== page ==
Being the stubborn and competitive person that I am, I wanted to test it again on a real persona. Fortunately for us, we were doing construction at our headquarters, which made it very easy to find a non-BIM superintendent. After taking him through the basic testing, we eventually got to the challenge and Chris asked, “Can you navigate to the second floor for me?”
The superintendent stared at the screen for a minute, played with the joysticks, started to mess around with the gesture controls, and then used one finger to look up and started to pinch to zoom through the ceiling. That’s when I looked at Chris and said, “you win,” which was something I got very used to saying to him.
And so, although the joysticks were originally inspired by gaming, they never would have been as effective for BIM in the field without that unique third joystick for moving vertically.
Early prototype of Procore's BIM viewer
We spent months testing and doing discovery with our Framer prototype, so by the time we acquired BIManywhere (a visual BIM collaboration platform for construction and facilities management that helped enable our product), we had a high level of confidence in the direction we wanted to take the product. This allowed us to move fast.
Only two months after the acquisition, I was standing on stage, announcing the integration and beginning of the beta program (Groundbreak Keynote). During the beta program of the actual product, we received further validation and reinforcement that we had started to solve the adoption challenge of BIM in the field. Trevor Johnston, who was involved in the beta program, posted a video of one of his veteran non-BIM superintendents, Brian Kitchen, using the viewer for the first time, who noted that the viewer was “the best tool I've seen in 30 years since putting on my occidentals." It was when I watched that video that I knew we had created something truly unique and had solved one of the biggest challenges and differences between gaming and BIM—the navigation.
Brian Kitchen from XL Construction using Procore BIM for the first time.
Trevor later told me, “I feel like Procore BIM is completely different than anything else in the market. It’s like y’all reinvented what BIM is and what a model viewer is, and I love it! It’s really the combination of the 2D drawing navigation with the joysticks. I now have owners and designers able to navigate the model.”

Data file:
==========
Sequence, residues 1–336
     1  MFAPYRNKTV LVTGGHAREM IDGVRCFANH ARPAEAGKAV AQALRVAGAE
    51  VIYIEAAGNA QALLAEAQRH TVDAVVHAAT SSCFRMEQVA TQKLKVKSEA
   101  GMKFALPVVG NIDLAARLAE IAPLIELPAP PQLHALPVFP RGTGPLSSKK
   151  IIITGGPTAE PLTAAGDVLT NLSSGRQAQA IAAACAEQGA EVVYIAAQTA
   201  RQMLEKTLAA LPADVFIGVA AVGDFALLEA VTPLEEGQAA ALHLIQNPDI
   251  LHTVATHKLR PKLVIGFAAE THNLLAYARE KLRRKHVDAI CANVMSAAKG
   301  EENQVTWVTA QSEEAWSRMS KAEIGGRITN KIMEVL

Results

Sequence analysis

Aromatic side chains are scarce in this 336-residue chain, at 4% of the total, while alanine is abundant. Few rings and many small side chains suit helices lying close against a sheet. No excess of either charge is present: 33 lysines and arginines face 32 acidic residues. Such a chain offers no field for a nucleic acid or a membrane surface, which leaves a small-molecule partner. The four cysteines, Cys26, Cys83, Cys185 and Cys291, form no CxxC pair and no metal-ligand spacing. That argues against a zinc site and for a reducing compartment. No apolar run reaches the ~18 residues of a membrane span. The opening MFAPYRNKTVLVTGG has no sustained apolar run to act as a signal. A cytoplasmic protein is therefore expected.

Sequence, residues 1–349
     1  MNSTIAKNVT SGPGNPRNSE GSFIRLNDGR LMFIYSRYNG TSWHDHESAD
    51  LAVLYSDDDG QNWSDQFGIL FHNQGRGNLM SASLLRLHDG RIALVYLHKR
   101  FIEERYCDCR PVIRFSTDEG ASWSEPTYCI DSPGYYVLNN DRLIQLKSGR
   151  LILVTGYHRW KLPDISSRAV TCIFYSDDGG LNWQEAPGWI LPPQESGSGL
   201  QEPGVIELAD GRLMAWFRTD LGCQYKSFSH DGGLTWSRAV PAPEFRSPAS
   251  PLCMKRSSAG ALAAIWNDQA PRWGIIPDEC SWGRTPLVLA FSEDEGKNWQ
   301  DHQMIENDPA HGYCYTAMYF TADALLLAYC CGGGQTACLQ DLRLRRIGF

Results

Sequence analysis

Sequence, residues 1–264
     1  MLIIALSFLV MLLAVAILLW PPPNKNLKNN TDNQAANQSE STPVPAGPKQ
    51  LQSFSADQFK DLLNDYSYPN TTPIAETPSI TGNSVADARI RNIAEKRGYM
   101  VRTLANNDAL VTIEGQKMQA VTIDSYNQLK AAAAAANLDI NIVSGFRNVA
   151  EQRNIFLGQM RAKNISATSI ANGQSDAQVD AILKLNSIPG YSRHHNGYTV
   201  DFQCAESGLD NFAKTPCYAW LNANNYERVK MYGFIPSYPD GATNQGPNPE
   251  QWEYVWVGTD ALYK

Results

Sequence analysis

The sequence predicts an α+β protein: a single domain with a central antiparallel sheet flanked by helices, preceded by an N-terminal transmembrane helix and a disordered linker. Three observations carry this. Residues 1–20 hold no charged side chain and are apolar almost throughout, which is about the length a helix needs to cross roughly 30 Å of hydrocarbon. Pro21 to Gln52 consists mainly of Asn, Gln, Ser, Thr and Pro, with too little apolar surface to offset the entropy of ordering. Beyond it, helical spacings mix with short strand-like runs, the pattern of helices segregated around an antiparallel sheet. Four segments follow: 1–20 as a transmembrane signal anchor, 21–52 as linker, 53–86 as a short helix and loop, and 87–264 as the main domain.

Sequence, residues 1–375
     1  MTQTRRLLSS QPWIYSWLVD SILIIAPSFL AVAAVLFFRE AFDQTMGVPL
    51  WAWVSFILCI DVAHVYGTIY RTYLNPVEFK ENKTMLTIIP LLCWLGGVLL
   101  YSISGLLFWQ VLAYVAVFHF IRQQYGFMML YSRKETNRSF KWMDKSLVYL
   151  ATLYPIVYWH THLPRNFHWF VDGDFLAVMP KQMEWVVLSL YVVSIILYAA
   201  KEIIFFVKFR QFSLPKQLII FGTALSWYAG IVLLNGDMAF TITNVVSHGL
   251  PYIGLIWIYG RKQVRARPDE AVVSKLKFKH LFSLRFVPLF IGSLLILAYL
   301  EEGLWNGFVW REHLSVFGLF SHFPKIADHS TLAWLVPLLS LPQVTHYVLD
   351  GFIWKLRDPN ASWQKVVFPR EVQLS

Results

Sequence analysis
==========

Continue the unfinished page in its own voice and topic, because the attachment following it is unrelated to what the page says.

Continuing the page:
Trevor now guarantees that he can teach someone Procore BIM in less than a minute. "In under one minute, I can take a new user, show them how to use Procore BIM, walk away, and they've got it,” he said.
This week I was fortunate enough to catch up with an old colleague, Chad Demick, Lead Detailer at Control Air. He told me about Glen, one of his sheet metal superintendents, who he said is “very old school, dislikes computers, and prefers his clipboard that he’s tethered a thumb drive to with a rubber band.” He said that Glen likes to joke that his clipboard never has to be recharged and finds any opportunity to show you why computers are the death of communication in the construction industry. However, Glen happened to come into Chad’s office during a demo of our mobile viewer. Chad told me he was floored by Glen’s reaction. When Glen saw the 2D drawing navigation could locate him in the exact place where he needed to be, he turned to Chad with all seriousness and said, “Wow, that will really help the field!”
At Procore, our vision is to improve the lives of everyone in construction and in order to achieve that, we put the end-user first and take a modern approach to product development by eliminating the silos of UX, Engineering, and Product. I sometimes get confused when people ask if we’re a B2B company because we focus so much on the end-user experience. If it wasn’t for this belief and the user-centric culture that our CEO, Tooey Courtemanche, created, our product might have looked a lot like the other mobile BIM applications out there. It would never have achieved over 90% adoption by non-BIM personas and the ultimate outcome that Brian Kitchen said better than anyone.
“Let’s walk some more. I’ve never gotten to navigate this before.”
If this kind of challenge excites you, then maybe you should come work for us!